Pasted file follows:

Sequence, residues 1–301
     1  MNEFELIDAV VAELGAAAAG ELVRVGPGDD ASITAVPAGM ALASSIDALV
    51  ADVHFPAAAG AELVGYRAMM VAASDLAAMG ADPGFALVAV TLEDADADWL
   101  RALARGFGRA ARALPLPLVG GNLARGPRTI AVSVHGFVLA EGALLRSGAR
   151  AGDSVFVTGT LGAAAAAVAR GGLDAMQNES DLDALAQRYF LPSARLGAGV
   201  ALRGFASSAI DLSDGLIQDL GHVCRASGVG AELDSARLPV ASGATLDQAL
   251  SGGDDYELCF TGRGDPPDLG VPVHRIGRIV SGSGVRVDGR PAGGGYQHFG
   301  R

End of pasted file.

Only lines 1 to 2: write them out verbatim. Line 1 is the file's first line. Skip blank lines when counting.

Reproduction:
Sequence, residues 1–301
     1  MNEFELIDAV VAELGAAAAG ELVRVGPGDD ASITAVPAGM ALASSIDALV